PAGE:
Normal cardiac conduction propagates downward and leftward from the SA node to the His-Purkinje system. Thus, lead I (points to the patient’s left) and lead aVF (points straight down) represent the component vectors in the x and y planes, respectively, for the cardiac conduction axis. This means that downward is + for lead aVF, and leftward (rightward on the image) is + for lead I.
To assess the cardiac axis, determine if the QRS complexes are + or – in leads I and aVF. Then, compare your findings to the diagram:
- Normal axis: + I and + aVF/II
- Left axis deviation: + I and – aVF/II
- Right axis deviation: – I and + aVF/II
Remember, a slight leftward deviation (-30°) is still considered normal. Alternatively, lead II (which goes from the right shoulder to the left leg) is the normal cardiac conduction vector and can be used in place of aVF in the diagram. Many of us look at leads I and II from the beginning since one should look at lead II if aVF is negative.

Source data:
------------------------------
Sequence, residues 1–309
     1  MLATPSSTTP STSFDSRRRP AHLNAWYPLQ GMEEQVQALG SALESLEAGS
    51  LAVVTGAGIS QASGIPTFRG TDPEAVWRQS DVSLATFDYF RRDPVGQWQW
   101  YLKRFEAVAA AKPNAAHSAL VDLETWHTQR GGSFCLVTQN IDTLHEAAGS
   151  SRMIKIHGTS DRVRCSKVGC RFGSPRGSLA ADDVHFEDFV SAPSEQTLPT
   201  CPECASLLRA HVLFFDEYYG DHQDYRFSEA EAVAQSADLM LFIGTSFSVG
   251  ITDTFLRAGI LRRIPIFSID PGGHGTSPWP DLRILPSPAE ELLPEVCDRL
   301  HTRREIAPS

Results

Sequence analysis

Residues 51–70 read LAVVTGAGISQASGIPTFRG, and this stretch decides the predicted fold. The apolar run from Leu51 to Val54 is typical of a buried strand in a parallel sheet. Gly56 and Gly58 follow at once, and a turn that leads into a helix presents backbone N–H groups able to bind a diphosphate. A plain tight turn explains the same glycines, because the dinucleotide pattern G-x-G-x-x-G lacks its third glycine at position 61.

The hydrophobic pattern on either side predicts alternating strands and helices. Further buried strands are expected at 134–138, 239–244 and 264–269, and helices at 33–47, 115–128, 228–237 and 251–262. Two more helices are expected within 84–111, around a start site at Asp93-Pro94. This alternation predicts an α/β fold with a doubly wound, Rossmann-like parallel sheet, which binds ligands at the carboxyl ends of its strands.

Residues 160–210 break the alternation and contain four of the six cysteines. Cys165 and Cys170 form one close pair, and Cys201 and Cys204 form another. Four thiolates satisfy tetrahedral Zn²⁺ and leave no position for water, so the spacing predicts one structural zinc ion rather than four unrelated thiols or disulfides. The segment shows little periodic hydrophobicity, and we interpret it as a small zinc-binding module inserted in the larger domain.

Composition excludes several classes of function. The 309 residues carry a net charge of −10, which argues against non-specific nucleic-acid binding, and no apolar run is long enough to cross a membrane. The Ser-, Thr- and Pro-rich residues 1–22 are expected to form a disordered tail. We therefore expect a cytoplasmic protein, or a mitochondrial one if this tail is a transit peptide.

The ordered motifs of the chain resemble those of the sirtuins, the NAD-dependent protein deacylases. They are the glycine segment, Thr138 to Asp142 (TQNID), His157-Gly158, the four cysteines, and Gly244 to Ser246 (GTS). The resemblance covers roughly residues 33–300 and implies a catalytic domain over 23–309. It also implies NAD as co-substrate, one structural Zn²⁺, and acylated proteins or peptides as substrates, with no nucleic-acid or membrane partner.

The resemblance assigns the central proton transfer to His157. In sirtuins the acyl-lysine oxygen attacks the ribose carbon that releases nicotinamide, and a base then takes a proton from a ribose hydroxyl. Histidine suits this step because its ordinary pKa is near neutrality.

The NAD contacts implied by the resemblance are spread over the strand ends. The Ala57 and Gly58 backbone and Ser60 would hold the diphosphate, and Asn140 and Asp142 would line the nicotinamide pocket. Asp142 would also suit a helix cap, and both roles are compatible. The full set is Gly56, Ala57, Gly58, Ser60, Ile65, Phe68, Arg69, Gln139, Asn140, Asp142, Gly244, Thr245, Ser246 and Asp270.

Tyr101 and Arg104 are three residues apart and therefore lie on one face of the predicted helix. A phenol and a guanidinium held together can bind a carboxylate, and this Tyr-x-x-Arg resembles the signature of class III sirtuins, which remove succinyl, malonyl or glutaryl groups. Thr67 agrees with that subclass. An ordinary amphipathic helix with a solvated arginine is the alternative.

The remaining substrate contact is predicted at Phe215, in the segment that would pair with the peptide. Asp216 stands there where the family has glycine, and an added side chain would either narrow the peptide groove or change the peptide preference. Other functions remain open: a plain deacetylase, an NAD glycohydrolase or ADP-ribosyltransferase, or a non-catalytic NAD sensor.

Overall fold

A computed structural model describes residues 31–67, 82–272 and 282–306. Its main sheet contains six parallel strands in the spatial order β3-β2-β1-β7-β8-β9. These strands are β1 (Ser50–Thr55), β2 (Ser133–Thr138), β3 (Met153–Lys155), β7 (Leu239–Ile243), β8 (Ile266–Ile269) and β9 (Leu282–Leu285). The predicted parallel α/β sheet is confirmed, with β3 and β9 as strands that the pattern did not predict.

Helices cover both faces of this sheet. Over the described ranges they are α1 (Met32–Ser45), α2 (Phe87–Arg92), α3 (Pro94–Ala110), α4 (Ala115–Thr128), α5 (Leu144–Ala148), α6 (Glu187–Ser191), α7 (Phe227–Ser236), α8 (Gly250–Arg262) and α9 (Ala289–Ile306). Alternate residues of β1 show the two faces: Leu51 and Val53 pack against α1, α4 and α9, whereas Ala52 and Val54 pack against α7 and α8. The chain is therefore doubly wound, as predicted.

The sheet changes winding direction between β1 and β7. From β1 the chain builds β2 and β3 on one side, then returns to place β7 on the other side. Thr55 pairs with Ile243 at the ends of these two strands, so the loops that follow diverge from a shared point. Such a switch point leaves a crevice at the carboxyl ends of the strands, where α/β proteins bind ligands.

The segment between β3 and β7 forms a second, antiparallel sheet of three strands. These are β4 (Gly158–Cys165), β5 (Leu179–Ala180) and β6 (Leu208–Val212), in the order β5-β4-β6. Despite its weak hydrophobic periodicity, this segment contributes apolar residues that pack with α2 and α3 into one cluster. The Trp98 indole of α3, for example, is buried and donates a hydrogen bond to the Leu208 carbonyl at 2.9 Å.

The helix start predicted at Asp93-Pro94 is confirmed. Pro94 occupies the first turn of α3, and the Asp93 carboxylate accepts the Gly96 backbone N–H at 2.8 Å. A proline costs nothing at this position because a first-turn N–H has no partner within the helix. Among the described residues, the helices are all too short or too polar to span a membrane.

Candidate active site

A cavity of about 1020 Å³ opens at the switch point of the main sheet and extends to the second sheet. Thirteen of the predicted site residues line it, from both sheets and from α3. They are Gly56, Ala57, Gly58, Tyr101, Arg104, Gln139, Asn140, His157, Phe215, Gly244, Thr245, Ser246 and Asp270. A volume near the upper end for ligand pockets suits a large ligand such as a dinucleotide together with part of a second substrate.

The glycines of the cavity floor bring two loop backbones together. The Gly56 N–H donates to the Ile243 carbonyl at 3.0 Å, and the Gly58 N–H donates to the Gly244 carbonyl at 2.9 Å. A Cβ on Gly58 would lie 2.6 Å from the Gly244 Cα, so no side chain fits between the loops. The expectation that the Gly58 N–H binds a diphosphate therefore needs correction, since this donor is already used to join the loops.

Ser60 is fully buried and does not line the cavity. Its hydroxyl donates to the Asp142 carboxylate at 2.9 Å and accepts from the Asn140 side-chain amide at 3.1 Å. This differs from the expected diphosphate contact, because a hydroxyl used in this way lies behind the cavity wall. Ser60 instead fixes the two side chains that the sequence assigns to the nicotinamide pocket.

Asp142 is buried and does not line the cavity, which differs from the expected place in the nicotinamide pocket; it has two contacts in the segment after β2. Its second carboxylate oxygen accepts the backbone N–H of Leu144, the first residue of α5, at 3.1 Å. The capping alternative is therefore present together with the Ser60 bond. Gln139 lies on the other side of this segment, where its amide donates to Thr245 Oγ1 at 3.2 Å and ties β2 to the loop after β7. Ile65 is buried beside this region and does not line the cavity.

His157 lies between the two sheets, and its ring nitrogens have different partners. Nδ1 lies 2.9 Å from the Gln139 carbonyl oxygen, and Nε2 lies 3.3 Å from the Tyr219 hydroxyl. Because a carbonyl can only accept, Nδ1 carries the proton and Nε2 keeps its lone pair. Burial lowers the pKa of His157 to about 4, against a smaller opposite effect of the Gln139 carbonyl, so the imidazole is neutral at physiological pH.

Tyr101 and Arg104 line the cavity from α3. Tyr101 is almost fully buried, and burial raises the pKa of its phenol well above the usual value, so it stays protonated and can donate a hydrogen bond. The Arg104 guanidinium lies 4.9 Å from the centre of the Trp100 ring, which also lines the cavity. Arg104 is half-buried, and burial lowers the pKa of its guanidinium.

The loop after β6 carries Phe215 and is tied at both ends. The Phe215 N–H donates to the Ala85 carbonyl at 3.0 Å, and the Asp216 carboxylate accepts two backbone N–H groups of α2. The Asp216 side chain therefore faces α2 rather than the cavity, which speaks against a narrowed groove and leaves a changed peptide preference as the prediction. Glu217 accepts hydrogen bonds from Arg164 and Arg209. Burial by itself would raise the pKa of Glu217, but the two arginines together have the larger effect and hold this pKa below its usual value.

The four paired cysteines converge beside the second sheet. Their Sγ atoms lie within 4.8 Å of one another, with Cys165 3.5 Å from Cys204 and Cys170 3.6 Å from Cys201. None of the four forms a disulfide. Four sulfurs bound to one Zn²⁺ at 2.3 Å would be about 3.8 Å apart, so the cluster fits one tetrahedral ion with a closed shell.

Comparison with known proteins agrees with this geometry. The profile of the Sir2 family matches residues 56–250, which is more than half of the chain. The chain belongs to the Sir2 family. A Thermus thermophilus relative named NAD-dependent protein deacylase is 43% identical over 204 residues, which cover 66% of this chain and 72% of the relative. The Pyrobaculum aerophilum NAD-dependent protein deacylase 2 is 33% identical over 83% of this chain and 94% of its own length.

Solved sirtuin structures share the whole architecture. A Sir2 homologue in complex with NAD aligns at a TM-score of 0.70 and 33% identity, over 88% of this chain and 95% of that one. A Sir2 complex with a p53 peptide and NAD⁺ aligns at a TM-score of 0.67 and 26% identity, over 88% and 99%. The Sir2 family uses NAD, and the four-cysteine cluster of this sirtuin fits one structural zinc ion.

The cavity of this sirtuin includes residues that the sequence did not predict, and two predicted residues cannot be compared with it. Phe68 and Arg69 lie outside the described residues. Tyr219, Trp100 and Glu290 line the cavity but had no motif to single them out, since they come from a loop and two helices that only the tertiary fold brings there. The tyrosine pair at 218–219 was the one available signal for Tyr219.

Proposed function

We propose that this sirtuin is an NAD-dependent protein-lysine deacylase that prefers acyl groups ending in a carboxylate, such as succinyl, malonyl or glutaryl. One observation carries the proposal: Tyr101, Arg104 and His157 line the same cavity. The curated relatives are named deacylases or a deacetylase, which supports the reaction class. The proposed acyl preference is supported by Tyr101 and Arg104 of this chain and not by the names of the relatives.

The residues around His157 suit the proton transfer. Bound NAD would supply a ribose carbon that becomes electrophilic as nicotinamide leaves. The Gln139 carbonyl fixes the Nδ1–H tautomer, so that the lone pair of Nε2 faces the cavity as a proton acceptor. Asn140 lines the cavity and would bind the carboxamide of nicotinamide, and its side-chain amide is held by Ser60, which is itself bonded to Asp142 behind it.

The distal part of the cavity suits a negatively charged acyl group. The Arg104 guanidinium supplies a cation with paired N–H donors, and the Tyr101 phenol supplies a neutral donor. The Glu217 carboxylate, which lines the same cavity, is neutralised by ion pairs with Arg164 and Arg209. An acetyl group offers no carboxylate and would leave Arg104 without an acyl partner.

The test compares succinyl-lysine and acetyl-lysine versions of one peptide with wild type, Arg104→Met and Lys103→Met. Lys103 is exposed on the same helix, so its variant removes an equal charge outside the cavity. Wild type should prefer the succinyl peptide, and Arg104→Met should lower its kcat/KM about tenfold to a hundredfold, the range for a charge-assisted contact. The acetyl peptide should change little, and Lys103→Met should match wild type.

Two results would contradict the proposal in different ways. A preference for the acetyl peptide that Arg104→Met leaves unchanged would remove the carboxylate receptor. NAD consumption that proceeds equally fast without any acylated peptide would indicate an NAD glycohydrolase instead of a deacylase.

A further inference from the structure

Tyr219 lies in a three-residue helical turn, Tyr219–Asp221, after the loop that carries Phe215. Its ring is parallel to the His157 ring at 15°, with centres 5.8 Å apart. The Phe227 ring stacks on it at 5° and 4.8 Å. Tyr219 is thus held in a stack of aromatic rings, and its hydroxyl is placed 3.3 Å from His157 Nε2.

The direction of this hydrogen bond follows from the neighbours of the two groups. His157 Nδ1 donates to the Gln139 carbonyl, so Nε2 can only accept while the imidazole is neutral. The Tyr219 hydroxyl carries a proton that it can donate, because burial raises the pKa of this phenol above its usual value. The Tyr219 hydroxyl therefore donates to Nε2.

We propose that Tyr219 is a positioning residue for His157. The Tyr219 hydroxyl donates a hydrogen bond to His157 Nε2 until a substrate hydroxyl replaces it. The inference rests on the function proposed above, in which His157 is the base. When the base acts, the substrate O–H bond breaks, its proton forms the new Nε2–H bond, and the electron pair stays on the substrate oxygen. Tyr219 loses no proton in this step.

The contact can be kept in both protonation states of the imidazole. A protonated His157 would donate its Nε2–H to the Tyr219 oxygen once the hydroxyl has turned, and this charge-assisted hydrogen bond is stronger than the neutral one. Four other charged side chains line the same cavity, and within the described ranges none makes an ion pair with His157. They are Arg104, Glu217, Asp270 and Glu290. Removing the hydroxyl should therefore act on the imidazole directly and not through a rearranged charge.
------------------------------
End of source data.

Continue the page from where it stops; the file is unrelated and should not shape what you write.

I divide the causes of right axis deviation (+90 to +180°) into right heart strain (COPD, pulmonary hypertension, right ventricular hypertrophy, pulmonary embolism, etc.) and conduction abnormalities which favor right directional conduction (ischemic left lateral myocardium, left posterior fascicular block, left-sided WPW accessory pathway). The causes of left axis deviation (-30 to -90°) include left ventricular hypertrophy, left anterior fascicular block, and even an inferior wall myocardial infarction.
Drop me a comment below with questions!